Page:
Aggie snuggled next to Theodore, sat upon his bedspread, having eaten her fill.
“I do believe that Bonita and I had completely forgotten about you in all the commotion. Thank you for coming back, you poor, half-starved thing. You and I have quite a lot in common, we have both been forgotten about.” She wrapped her tail around his arm and licked his hand gently. She sprang from the bed, noticing Howard who carried two small bowls, placing them in the corner. She ate her fill, hopping back onto the bed, poking her head into Theodore’s arm and sat by his side. Mr Howard laughed.
“Isn’t she lovely?”
“Mother would have a fit.”
“She does not need to find out, but you should talk to her.”
“I did not mean now your Grace, here, drink some more water. Will you try some soup or a little bread?”
“No thank you Howard, but I will take some water.”
“What happens if…. it does not matter.”
“Are you sure?”
“A foolish thing. Oh how I would love for it to be tomorrow and 11.15pm.”
“Time will go quickly, but I must leave you now for I have some errands to run your Grace.”
Bonnie lay in her cold bed, staring up at the ceiling. How she wished that things could be different, she sighed, wrapping her shawl around her shoulders and placing her feet into her slippers, seating herself by the dying embers of the fire.
“You shall get cold.”
“I am fine at this moment in time.”
“I am worried about you, you have barely eaten a thing of late.”
“I can’t, my stomach is in knots.”
“You must keep your strength up and you mustn’t let yourself get ill, all this crying won’t do you any good. “
“You’re right as always. Hmph. I just hate to think of his Grace lying in that bedroom all alone, and he will be by himself as Mr Howard is so busy, his Mother doesn’t care and as for his Father, well, I haven’t even met him properly, he always seems to be away on business or hiding somewhere, never has he come to see his Grace, or ask how he is. He has been forgotten.”
Pain racked Theodore’s body, as he lay alone. How he wanted to hear a kind voice more than anything. He shivered, but alas, there was no-one there to bring him an extra blanket or place some coal upon the fire. His arms too heavy to pull the coverlet further up his body, as it has slipped down to his waist. He shivered, his body drenched in a cold sweat, his mouth bone dry with thirst.
“H-” The words would not come, caught in his swollen throat and lost in his rasping voice. Howard startled in his bedroom, overcome with a strong urge to see Prince Theodore. He pulled on his dressing gown, entering his chamber.
“My God! Soaked in a cold sweat.” He felt his perishing hands, placing a hand against Theodore’s nightshirt which clung to his wasting frame.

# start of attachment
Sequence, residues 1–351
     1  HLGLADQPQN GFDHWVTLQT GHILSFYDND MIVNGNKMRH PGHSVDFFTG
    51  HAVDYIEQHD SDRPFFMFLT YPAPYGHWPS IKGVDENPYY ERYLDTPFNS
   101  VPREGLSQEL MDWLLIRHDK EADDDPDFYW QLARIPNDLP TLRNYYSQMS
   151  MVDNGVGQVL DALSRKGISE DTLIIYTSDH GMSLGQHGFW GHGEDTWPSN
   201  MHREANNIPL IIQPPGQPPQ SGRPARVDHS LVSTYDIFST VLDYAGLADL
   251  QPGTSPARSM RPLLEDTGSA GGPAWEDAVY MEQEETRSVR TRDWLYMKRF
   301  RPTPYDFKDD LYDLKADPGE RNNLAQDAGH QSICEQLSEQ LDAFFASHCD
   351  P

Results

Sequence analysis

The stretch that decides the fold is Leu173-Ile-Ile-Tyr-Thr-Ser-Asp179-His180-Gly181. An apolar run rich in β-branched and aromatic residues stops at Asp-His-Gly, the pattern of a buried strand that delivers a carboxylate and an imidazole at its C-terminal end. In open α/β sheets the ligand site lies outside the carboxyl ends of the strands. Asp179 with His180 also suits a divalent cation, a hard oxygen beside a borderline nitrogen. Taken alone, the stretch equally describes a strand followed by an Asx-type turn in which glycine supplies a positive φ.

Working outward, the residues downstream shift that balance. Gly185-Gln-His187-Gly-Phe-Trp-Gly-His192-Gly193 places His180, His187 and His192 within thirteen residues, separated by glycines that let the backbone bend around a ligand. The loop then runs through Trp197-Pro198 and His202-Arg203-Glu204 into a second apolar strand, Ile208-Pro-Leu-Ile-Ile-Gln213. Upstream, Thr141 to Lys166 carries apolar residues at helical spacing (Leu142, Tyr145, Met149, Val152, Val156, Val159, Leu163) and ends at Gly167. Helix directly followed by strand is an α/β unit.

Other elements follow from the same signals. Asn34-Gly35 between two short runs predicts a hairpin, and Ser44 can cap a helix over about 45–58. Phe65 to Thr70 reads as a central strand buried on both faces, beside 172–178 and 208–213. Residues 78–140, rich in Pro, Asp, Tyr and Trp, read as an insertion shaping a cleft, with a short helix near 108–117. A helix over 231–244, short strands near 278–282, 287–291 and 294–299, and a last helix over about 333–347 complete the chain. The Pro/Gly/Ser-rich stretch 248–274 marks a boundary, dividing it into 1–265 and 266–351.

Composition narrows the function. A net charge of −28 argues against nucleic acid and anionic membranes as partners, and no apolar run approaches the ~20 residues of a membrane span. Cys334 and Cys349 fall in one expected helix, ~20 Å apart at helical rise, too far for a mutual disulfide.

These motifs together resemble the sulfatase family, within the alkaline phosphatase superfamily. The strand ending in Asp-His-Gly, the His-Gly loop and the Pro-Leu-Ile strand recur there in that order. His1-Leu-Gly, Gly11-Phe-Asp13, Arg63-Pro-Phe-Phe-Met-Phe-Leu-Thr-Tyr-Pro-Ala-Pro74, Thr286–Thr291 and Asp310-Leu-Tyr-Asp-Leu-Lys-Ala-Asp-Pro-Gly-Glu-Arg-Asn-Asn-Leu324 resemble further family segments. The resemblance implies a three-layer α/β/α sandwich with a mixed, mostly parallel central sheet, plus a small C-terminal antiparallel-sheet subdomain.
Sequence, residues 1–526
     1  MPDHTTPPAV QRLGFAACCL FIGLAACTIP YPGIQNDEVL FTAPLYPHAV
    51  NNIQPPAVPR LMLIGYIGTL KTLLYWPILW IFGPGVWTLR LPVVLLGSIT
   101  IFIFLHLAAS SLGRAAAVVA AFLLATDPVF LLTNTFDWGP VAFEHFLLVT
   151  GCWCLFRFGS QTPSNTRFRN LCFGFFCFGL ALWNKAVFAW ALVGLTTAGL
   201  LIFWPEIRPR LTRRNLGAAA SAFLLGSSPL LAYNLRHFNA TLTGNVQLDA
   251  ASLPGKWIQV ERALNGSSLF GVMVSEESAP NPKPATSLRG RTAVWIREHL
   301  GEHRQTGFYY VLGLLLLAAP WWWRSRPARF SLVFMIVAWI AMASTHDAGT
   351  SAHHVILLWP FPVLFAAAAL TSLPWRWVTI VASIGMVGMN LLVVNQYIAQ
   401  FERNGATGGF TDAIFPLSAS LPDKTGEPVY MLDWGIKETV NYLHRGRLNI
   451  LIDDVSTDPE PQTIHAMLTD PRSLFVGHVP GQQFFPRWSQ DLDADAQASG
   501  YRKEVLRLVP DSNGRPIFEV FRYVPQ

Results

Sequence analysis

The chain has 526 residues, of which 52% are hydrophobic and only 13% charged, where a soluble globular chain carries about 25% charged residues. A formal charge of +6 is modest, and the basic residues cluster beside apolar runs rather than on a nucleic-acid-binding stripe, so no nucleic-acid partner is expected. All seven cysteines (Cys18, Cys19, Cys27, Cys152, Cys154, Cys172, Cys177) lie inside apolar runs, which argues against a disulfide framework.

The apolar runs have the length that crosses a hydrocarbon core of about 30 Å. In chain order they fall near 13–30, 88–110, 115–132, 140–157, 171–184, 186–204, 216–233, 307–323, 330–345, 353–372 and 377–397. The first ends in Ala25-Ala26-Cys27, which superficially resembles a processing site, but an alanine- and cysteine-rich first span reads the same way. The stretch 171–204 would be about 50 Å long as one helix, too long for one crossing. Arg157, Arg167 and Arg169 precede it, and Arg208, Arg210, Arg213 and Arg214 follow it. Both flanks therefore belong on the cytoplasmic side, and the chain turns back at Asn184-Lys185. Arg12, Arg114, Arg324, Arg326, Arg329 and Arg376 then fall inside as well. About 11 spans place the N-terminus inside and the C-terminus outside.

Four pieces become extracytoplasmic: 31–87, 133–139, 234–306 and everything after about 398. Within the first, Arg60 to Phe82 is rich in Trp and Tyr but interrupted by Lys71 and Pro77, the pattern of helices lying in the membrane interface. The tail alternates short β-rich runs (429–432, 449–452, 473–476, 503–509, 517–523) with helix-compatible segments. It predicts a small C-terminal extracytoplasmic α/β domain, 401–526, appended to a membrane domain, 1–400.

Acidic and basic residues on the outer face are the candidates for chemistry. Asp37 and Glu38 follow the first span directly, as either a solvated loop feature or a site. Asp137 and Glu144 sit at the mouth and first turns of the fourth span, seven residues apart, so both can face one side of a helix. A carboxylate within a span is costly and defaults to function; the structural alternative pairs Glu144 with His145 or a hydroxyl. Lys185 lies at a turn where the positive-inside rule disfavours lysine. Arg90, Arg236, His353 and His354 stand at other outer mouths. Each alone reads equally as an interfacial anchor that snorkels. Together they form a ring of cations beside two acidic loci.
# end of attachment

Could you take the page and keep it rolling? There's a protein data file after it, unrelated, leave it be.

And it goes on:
“I-I should have stayed with you. This is my doing. I will wash and change you the best that I can, but you are so very cold.”
“Yes, it is Mr Howard. I’m just going to wash you and change your sheets, I shall roll you as Miss McGrath did. Here now. Your throat is so swollen!”
He did as he said he would, re making Theodore’s bed while he was still in it, stoking the fire and fetching more blankets. He dabbed Theodore’s brow once more, this time with a warm cloth.
“I know you Grace, you miss her terribly. Oh this is not right, not fair. Why should your Mother spite you? She has to come to her senses, as she over reacted terribly. I shall go and speak to her.”
There came a knock at the door.
“Your Grace!” Howard exclaimed.
“How is he?”
“Very possibly the sickest I have seen him.”
“What can be done?”
“Nothing except; your Grace I beg you, please allow Miss McGrath to return to the palace and let her bring comfort to your son in his last few weeks.”
“Forgive me, but I would say so.”
“You are suggesting that my Son has but a few weeks to live? You have been brainwashed by foolishness!”
“I am afraid that I think it is true. Please your Grace, sit with your son for a little while and you shall see.”
“But what is the point of sitting with someone who is unconscious?”
“That is what Miss Mallis said when Theodore first became ill.”
“Oh dear, I do believe that girl was not what she seemed and I shouldn’t like to be like her. Very well, I will sit with him for a little while.”
She took Mr Howard’s seat, pulling it closer to the bed and placing a hand to his cheek. He did not stir.
“He breathes very little.”
“I know. You know, it is often a good idea to continue talking to someone even when they are unconscious, perhaps he can still hear you.”
“Yes, it would be worth a try.”
“I think I would be the last person that he would want to hear.”
“What about the King.”
“The King? Oh he is always away.”
“But why your Grace?”
“Because, like I have, he has chosen to bury his head into the sand. Although, seeing him like this, I may have finally seen sense.”
“You- you have.”
“Yes, I have. Call for Miss McGrath immediately.”
©Sophie Bowns 2011-2014